There is no feeling of threat/usurping in this case - what simply disturbed me out of proportion is that the employee (who we considered an old employee by now) has made a comic out of the office decorum, discipline & respect for Management.

I feel that her action can really spread a very negative & disrespectful culture through the small organisation that we are.

The 2nd part about her performance - I think it would be worse if she was a performer.

As then the message to other employees would be that if you perform, you can fool around with the office & its decorum...

Looking forward to your views again.

From India, Mumbai
Raj Kumar Hansdah

Dear hrent
Thanks for your reply and further clarification.
I fully understand your sentiments.
Anything 'stretched' too far or repeated several times does pose a problem. Also, there is a difference between an innocent and innocuous incident, and a deliberate act of mockery which destabilizes office decorum.
However, "firing immediately for indiscipline" may seem to be an extremely harsh punishment. Issuing a severe Warning Letter, a Show Cause Notice or imposing the penalty of Censure, are far more appropriate, as a first step.
With reference to her "poor performance", you should definitely take remedial action, as deemed appropriate by your organization.
Warm regards.

From India, Delhi
Dear Hrent,
It really hurts when such an old (senior in the sense) employee resorts to such type of practices. However, keeping in mind his past services, you may in the first instance try to counsel the employee. Even after one or two counselling the employee still resorts to the same way, then you may take appropriate action by way of censure and if still not coming your way, then some harsh treatment may only be the way-out.
Regarding his poor performance at work, you need to keep him informed otherwise the employee may take it easy thereby effecting other employees' performance.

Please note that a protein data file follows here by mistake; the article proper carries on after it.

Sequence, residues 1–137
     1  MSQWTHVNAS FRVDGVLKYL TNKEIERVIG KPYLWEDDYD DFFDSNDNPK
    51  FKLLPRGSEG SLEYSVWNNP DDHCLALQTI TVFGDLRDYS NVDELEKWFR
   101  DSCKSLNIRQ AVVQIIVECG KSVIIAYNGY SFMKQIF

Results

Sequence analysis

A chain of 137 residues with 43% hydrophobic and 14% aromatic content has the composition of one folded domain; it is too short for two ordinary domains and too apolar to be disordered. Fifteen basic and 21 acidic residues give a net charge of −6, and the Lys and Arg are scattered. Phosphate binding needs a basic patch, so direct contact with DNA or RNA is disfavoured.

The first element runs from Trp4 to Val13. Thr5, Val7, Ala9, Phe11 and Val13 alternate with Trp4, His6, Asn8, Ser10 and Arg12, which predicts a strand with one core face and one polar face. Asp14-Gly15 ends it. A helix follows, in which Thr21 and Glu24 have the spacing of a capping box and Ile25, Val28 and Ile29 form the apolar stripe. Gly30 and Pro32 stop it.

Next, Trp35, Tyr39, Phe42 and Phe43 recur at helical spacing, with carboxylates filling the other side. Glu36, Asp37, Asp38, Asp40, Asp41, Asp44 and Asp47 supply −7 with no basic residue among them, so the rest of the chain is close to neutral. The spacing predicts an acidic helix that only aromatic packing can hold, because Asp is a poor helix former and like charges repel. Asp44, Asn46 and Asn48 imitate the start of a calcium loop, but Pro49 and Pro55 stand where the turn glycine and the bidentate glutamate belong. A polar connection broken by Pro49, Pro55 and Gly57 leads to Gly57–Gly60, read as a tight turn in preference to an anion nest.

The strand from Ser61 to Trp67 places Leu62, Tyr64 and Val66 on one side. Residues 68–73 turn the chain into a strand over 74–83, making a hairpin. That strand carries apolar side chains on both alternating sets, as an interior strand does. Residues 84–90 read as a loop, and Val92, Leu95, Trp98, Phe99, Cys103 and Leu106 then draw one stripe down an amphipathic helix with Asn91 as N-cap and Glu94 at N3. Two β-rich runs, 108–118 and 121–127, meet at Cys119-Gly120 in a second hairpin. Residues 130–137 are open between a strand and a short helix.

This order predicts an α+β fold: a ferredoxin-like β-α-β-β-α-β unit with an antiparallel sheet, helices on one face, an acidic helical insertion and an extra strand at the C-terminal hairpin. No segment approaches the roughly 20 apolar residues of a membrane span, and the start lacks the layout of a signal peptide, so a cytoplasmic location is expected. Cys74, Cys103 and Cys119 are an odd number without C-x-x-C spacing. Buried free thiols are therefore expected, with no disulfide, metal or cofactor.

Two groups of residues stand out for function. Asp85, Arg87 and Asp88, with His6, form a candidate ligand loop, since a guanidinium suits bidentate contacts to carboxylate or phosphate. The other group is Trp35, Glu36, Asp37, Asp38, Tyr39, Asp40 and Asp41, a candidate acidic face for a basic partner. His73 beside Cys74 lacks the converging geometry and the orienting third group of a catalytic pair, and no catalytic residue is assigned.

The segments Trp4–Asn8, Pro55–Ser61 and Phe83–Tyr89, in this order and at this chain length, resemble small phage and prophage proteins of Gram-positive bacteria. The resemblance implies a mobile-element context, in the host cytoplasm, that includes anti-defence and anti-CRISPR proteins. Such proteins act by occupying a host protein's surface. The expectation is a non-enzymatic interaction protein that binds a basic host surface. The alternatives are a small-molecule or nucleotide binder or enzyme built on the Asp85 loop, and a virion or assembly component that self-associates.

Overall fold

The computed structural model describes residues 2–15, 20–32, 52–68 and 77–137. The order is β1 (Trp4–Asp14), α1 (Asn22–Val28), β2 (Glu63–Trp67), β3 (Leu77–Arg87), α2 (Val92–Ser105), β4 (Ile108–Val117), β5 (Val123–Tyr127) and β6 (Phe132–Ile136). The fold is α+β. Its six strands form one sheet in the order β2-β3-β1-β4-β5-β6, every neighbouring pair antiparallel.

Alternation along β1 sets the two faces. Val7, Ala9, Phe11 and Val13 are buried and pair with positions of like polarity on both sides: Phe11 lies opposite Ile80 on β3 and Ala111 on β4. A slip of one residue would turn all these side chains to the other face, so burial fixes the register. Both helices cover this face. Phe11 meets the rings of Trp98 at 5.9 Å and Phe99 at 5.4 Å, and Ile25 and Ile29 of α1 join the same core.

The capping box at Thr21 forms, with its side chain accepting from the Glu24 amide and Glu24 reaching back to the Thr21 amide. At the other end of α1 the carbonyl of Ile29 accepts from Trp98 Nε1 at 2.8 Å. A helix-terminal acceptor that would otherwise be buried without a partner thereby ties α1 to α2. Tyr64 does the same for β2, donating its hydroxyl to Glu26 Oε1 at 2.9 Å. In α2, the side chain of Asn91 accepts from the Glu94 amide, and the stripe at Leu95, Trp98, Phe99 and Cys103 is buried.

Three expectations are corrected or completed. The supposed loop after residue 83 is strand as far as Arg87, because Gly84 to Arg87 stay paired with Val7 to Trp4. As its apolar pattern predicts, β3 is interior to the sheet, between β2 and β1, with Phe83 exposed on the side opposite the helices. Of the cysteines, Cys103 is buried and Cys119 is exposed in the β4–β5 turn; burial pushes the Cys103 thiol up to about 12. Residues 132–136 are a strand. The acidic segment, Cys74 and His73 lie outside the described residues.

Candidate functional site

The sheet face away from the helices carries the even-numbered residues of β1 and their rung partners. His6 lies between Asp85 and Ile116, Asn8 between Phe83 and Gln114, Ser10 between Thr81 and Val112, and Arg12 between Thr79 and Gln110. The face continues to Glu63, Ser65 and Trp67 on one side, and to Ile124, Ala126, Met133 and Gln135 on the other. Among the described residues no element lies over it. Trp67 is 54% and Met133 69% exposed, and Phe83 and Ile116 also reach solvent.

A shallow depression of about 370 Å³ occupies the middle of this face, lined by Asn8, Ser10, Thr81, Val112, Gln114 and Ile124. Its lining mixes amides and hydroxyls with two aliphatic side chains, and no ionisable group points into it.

However, considering the above two I feel that the employee has something in his mind, which needs to be properly ascertained by way of counseling otherwise such employee will not stoop to such a level.
I feel counselling is the best method in both the above cases.


Dear hrent
I agree with Raj. But small question. Has this been discussed with the boss? May be possible that boss knows this. Discuss this issue directly with the boss and many doubt clearing answers may turn up. If he agrees then go for issuing warning letter, show cause notice etc as suggested by Raj. But if boss does not agree then you would be to ground zero.
I have gone through the similar case study where the extra maritial affair of female employee and the boss resulted in sacking of an old faithful employee who reported the bossism activity of female employee in absence of boss.
Further you may prepare policy which says locking of Boss cabins in his absence and handing the key only to authorized person (authorized by Boss) and make entry in key register.
This was just an advice.

From India, Mumbai

Hi Hrent, Don’t be serious too much. Just call her and counsel her, which should be done at first time. No problem do right now. She will definitely improve her-self. Warm Regds Arun Gupta
From India, Delhi
I personally feel that you issue her a memo stating that if such an act is observed in future srict action will be taken which may result in loss of job.
From India, Mumbai
I fully agree with @arung73. A memo, letter, email, anything in written would permanently push her into her shell, the detachment. A detached employee is a liability to the organization; hence, it is wise to avoid detachment than to repair. Simple pep talk would do.
@neeraj4all: Just locking boss’s cabin is a good idea, without any entry registers. Current management literature repeatedly advising to leave ‘control’, and give more autonomy to employees for enhancing ‘intrinsic motivation’ -the key factor in employee productivity.
M Rama Krishna
TQM & Business Excellence

From India, Bellary